2010: (Not) The Year of the Blue Dog

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It’s a scary world out there for Democrats—even conservative ones who did their best to distance themselves from their party this election season. Exhibit A is Georgia Blue Dog Rep. Jim Marshall, who was just defeated by Republican Austin Scott. During the campaign, Marshall attempted to side-step the Democratic backlash by denouncing Nancy Pelosi (on TV, too). Hey, the strategy seemed to work for the Republicans. Of course, Marshall’s pledge to support anyone except Pelosi for speaker hinged on the optimistic assumption that the Dems would hang onto the House. That ain’t happening.

Moderates like Marshall were a persistent thorn in Pelosi’s side, throwing up roadblocks to health care and financial reform, and ultimately foiling efforts to pass climate and energy legislation. A Marshall loss could be a bellwhether for moderate Democrats around the country. Third Way, “the leading moderate think-tank of the progressive movement,” recently released a memo rejecting the “small tent,” anti-Blue Dog prescription advocated most recently by liberal commentator Ari Berman. Just how big a tent does the Dem circus need?

Both politically and substantively, liberals need moderates. By rejecting the big-tent coalition that brought them power in the first place, the only things Democrats will accomplish are permanent minority status and the frustration of their legislative priorities. . . .

According to Gallup, 42% of Americans now call themselves “conservative,” while 35% call themselves “moderate” and only 20% consider themselves “liberal.” Liberals aren’t just the smallest political constituency in America; they’re outnumbered 4 to 1 by moderates and conservatives. In no state are liberals either a majority or a plurality.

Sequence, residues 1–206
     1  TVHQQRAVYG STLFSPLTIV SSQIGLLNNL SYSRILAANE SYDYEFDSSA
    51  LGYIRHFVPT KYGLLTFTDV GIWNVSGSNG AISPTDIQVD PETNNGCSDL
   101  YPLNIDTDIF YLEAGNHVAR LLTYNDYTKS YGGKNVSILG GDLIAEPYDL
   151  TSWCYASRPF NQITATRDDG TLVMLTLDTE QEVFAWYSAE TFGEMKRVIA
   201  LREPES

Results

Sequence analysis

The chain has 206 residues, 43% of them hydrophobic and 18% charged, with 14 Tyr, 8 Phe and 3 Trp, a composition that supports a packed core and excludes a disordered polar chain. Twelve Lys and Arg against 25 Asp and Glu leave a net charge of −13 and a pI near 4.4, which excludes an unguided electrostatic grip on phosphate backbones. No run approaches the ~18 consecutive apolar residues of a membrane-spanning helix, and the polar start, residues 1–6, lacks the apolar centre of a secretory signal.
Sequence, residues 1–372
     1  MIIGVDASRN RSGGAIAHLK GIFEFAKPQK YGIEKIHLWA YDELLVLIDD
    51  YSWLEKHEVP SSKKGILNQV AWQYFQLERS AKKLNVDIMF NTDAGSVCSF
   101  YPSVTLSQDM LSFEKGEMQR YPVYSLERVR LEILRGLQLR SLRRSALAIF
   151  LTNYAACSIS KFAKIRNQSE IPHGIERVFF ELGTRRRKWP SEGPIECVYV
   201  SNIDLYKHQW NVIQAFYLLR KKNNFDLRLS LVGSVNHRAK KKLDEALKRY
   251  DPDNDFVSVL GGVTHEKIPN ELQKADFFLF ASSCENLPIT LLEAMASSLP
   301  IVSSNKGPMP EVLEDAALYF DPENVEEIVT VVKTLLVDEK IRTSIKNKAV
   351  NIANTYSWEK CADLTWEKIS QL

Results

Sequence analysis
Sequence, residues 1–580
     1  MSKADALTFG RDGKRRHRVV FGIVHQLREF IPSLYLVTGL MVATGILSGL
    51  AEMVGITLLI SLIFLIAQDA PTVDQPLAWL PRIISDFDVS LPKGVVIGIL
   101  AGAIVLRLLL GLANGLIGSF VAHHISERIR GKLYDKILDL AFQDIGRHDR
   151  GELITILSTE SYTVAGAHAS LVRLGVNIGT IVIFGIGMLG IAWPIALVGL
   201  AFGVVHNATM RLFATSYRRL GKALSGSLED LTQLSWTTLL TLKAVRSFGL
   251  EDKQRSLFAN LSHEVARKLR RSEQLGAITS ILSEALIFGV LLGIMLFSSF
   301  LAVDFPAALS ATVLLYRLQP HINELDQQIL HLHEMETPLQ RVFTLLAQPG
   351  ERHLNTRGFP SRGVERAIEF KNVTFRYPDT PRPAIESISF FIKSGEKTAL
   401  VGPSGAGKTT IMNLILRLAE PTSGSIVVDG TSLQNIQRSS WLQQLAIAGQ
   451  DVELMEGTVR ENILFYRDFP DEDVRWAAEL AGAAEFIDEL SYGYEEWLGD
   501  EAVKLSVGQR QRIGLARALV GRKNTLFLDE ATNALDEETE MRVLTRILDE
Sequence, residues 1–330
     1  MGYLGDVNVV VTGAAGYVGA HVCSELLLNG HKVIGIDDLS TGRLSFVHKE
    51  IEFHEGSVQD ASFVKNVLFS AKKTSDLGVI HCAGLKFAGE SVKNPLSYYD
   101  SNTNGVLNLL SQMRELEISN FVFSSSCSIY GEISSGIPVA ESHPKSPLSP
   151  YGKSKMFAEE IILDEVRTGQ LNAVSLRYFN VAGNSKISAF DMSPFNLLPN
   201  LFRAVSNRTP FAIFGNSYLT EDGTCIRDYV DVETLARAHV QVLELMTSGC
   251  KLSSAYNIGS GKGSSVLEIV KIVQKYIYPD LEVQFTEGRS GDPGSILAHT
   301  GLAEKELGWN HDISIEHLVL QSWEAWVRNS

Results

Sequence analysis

Liberal Democrats need the votes of centrist Democrats, Third Way argues. And they’re what the voters want. Without them, the party could make a considerable lurch leftward. For now, though, it’s becoming clear that moving to the right in this election wasn’t a winning strategy. 

The next Blue Dog to watch? Kentucky’s Ben Chandler, who’s currently holds a narrow lead. Fellow Blue Dog Joe Donnelly of Indiana barely managed to hang on to his seat. 

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DEMOCRACY DOES NOT EXIST...

without free and fair elections, a vigorous free press, and engaged citizens to reclaim power from those who abuse it.

In this election year unlike any other—against a backdrop of a pandemic, an economic crisis, racial reckoning, and so much daily crazy—Mother Jones' journalism is driven by one simple question: Will America will move closer to, or further from, justice and equity in the years to come?

If you're able to, please join us in this mission with a donation today. Our reporting right now is focused on voting rights and election security, corruption, disinformation, racial and gender equity, and the climate crisis. We can’t do it without the support of readers like you, and we need to give it everything we've got between now and November. Thank you.

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